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Zero Inflation. Savor The Moment


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ZERO INFLATION. SAVOR THE MOMENT

Sweet victory. Price stability in our time. It may not be as portentous as the end of the cold war or as flashy as balancing the budget, but the virtual end of inflation, as signaled by Federal Reserve Chairman Alan Greenspan recently, is cause for celebration. It marks the final chapter in the 20-year battle against inflation that began when Paul Volcker became head of the Federal Reserve. Before we begin fretting about the flip side of inflation--deflation--let us savor the moment.

Most consumers have been wondering where inflation has gone. For every hike in cable bills, movie or airline tickets, they see declines in prices for computers, clothes, gasoline, even autos. College costs and medical inflation are down below 3% annually from their double-digit highs. Average it all out and the consumer price index is running at about a 1.8% rate. Pretty low. Add in the fact that Greenspan and many other economists believe the official statistics will still overstate inflation by about 1% even after the upcoming recalibration of the CPI. Take a look at Europe and much of Asia, and everyone around the world is approaching price stability.

It's nice not to have to worry about ever rising prices. Business decisions can be made on fundamentals, not on price expectations. That's pretty much true of households as well. Companies that want rising profit margins have to innovate or cut costs. The resulting productivity can pay for real wage gains. A nice, virtuous cycle (page 28).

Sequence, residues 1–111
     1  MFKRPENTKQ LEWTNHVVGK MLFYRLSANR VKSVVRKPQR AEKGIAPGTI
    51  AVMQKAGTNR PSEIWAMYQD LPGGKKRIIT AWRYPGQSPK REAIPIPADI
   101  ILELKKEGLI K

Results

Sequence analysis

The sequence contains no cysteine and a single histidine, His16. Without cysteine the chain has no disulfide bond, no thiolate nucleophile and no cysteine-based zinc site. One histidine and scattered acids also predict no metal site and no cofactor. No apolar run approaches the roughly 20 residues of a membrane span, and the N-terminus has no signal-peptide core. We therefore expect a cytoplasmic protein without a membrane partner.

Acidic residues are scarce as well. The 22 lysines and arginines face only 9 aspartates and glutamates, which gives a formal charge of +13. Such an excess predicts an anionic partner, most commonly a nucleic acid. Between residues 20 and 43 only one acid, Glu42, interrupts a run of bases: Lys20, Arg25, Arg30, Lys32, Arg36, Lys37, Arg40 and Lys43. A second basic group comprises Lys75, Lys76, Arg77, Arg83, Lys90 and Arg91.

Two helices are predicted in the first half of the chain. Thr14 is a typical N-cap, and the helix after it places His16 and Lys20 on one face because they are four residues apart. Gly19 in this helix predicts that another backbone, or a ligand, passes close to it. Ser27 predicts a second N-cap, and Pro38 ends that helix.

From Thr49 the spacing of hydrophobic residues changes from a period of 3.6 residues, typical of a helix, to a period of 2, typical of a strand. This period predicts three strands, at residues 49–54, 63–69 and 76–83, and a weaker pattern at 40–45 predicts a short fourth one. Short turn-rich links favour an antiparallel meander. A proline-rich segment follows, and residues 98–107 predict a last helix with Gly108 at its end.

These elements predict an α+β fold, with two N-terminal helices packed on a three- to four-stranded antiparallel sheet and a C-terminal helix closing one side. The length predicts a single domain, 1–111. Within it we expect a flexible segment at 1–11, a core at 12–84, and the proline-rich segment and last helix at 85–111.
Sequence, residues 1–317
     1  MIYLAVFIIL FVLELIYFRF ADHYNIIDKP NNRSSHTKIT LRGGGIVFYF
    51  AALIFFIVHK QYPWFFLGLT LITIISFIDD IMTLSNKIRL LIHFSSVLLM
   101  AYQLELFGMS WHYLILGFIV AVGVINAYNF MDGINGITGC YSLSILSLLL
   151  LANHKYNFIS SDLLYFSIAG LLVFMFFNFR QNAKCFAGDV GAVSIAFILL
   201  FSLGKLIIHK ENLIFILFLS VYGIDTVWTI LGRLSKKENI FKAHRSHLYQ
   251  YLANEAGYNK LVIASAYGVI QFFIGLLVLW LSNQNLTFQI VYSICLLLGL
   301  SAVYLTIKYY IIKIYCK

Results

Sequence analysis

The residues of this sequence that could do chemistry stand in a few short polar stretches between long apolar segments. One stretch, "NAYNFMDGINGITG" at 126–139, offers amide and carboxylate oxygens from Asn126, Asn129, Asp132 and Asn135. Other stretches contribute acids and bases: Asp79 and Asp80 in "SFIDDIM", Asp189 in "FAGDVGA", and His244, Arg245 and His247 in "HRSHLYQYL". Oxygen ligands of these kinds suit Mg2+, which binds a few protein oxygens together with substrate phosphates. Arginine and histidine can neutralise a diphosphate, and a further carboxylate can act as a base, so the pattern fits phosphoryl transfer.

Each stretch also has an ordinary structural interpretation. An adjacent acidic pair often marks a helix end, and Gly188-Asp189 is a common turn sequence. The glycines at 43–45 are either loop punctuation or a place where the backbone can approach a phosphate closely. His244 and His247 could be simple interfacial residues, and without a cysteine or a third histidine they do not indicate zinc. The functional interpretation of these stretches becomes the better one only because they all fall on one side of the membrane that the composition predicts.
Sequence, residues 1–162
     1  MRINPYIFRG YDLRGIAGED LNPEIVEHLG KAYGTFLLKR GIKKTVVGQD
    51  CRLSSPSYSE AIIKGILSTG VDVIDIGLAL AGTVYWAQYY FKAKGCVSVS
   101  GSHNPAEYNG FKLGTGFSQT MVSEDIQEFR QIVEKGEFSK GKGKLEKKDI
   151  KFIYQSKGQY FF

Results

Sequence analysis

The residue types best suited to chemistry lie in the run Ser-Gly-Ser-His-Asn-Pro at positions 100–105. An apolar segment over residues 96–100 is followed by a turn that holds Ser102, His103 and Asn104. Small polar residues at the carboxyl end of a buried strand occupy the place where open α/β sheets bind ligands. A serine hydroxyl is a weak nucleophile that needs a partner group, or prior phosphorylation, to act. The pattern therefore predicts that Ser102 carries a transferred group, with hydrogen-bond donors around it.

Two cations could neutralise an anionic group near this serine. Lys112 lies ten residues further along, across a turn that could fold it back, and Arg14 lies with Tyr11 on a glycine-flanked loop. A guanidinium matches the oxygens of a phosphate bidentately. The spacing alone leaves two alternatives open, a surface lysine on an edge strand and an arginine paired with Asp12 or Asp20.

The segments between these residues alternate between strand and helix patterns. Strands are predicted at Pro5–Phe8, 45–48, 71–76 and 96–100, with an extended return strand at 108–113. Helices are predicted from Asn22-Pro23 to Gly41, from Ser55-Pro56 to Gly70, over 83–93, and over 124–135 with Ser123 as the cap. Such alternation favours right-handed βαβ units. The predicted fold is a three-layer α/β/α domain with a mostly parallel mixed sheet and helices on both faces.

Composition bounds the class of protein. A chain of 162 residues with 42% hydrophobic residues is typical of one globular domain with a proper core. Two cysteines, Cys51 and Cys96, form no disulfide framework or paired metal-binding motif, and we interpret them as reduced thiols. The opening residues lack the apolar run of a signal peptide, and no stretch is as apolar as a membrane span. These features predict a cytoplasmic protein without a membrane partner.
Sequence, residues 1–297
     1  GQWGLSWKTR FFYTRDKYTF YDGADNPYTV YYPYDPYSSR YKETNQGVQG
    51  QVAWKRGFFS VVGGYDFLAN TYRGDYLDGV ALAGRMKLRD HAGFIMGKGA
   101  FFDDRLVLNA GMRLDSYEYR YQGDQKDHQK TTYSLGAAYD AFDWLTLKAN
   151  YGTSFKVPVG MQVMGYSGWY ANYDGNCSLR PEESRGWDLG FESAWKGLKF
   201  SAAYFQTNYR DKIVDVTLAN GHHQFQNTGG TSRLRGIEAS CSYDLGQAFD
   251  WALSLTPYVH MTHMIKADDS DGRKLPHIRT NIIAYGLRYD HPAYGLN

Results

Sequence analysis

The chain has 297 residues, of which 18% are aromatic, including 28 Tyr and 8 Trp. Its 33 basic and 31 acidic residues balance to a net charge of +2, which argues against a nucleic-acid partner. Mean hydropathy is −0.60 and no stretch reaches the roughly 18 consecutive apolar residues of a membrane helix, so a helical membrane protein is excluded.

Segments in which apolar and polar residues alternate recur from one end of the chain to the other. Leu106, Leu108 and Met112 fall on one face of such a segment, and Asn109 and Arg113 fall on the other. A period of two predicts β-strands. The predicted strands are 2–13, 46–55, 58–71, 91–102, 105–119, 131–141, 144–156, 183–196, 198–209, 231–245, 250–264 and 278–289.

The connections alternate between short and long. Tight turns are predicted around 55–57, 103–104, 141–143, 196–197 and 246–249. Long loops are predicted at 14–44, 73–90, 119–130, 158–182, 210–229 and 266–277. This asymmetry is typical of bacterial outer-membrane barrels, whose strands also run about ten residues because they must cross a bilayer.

The worry, of course, is that zero inflation will slide into deflation. When people believe that prices will fall continuously, they hold onto their money rather than spend it. Prices drop faster than unit sales grow, so corporate profits plummet. Growth suffers, recession results. Japan has been in a deflationary spiral for several years now. Asset prices for land, housing, and equities are half of what they were in the 1980s.

If fret you must, keep your eye on U.S. corporate earnings. The meltdown in Asia is far more severe than anyone at the Fed or in the Administration ever anticipated, and it could get worse. If earnings begin to fall sharply and the market tanks, then deflation could get ugly. Asset deflation a la Japan will set the alarm bells off at the Fed.

Fortunately, the end of inflation gives the Fed more leeway to deal with economic downdrafts than it has had in decades. So if it comes down to it, Greenspan has plenty of room to cut interest rates.


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